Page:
Airports of all sizes, whether they are commercial service, military or general aviation, are economic engines for the communities they serve. Conflicts can arise when development and infrastructure projects in an airport’s vicinity infringe on the airspace and operational requirements of that airport.
While the Federal Aviation Administration (FAA) has jurisdiction over the U.S. National Airspace System (NAS), the process used to evaluate whether a project near an airport will affect the NAS is often misunderstood, misinterpreted or unknown to developers, planning agencies, designers, contractors and others. FAA has simplified the process determining if a project—even one that is several miles away from an airport—can affect its airspace or not.
Any construction, including antennas, buildings, fences, bridges and roadways; or construction-related equipment, such as cranes and temporary batch plants, can interfere with airspace and be a threat to the safety of civil, military and commercial aviation. This interference could be determined to be a hazard by the FAA.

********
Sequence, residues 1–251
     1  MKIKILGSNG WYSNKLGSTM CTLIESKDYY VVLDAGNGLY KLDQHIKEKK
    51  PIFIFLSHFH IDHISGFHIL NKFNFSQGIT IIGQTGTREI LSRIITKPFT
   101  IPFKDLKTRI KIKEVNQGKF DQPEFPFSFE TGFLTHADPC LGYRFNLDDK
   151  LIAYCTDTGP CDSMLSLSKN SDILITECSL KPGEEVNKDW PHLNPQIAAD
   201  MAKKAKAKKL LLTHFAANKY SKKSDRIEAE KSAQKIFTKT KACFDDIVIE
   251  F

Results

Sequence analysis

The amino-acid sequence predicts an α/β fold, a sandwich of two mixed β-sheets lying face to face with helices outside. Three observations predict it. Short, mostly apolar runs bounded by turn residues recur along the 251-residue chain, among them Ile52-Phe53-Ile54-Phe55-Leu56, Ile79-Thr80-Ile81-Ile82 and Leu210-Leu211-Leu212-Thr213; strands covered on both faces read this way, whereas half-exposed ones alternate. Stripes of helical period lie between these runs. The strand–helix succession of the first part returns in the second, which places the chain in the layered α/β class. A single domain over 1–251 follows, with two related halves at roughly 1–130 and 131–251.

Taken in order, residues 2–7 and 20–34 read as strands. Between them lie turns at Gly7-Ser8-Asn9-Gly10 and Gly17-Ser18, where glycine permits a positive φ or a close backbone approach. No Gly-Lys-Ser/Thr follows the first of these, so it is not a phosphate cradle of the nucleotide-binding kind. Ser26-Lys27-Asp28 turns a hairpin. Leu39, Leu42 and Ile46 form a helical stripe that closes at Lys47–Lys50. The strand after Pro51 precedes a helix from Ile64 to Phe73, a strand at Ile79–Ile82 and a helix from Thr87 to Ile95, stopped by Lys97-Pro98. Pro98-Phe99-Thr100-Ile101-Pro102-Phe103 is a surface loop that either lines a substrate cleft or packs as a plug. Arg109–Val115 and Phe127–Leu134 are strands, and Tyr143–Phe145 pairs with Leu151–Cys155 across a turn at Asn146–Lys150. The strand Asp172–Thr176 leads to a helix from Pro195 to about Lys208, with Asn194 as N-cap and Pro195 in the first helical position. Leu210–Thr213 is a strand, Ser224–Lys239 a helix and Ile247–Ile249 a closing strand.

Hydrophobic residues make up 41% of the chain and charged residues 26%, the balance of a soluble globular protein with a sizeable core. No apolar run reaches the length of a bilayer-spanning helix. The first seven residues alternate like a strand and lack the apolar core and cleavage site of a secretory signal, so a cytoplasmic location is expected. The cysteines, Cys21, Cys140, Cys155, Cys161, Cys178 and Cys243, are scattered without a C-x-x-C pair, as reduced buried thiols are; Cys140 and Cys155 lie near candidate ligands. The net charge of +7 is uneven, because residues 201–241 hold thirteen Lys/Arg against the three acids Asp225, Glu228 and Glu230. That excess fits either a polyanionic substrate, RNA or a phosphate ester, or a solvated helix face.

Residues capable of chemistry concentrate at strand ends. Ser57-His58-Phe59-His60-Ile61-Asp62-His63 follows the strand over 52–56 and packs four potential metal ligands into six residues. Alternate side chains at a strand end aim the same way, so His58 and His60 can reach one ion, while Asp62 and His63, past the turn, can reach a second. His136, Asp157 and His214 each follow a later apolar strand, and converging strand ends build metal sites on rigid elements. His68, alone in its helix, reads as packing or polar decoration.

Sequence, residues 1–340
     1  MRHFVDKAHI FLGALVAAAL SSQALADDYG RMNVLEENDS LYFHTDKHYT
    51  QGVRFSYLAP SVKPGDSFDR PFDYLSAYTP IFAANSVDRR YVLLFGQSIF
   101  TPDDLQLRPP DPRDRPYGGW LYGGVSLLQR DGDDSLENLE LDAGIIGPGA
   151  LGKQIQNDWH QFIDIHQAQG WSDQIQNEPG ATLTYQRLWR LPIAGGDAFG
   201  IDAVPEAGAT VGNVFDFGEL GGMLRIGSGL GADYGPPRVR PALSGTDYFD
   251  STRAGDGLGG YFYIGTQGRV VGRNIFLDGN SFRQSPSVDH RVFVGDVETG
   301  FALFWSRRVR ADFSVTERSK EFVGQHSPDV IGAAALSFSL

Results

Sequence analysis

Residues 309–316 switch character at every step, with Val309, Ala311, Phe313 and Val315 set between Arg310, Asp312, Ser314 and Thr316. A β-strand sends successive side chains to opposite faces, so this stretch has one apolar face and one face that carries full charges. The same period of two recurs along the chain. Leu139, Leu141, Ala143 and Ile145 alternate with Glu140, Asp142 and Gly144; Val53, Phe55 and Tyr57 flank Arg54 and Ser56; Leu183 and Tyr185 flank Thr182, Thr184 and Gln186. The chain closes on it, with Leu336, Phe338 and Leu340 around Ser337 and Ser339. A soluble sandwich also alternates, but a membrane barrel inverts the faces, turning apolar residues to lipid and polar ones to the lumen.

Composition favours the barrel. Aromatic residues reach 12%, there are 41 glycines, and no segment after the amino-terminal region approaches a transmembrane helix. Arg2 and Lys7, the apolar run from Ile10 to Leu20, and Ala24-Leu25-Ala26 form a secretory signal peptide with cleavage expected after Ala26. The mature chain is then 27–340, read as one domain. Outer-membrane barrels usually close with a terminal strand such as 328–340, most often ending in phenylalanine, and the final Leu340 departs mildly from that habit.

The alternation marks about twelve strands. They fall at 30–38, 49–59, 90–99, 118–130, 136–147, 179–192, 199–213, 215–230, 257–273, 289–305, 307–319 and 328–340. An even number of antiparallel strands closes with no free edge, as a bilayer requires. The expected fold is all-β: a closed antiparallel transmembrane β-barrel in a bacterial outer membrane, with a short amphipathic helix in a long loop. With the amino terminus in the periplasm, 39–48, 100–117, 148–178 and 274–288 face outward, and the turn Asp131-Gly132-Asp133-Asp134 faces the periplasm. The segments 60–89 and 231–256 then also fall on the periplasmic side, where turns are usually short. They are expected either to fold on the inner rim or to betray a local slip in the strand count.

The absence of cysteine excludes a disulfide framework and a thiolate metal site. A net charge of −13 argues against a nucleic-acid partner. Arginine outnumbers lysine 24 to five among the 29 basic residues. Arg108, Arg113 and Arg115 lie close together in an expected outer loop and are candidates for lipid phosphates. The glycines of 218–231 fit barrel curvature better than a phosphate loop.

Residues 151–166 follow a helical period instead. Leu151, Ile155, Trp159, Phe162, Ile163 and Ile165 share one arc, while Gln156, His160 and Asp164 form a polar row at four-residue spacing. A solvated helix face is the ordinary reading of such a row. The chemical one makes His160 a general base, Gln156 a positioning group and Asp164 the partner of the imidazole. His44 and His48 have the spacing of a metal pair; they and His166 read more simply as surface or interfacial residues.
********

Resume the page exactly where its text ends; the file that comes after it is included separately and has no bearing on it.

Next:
Project-related activities may also be incompatible with airports in other ways. In many states, failure to obtain airspace or other approvals can cause project permit denial and project delay or even stoppage. If one does not plan for this approval step, it can be embarrassing and potentially expensive for the project’s bottom line.
Understanding when and who to call to determine if a project is subject to FAA airspace or other reviews can make all the difference.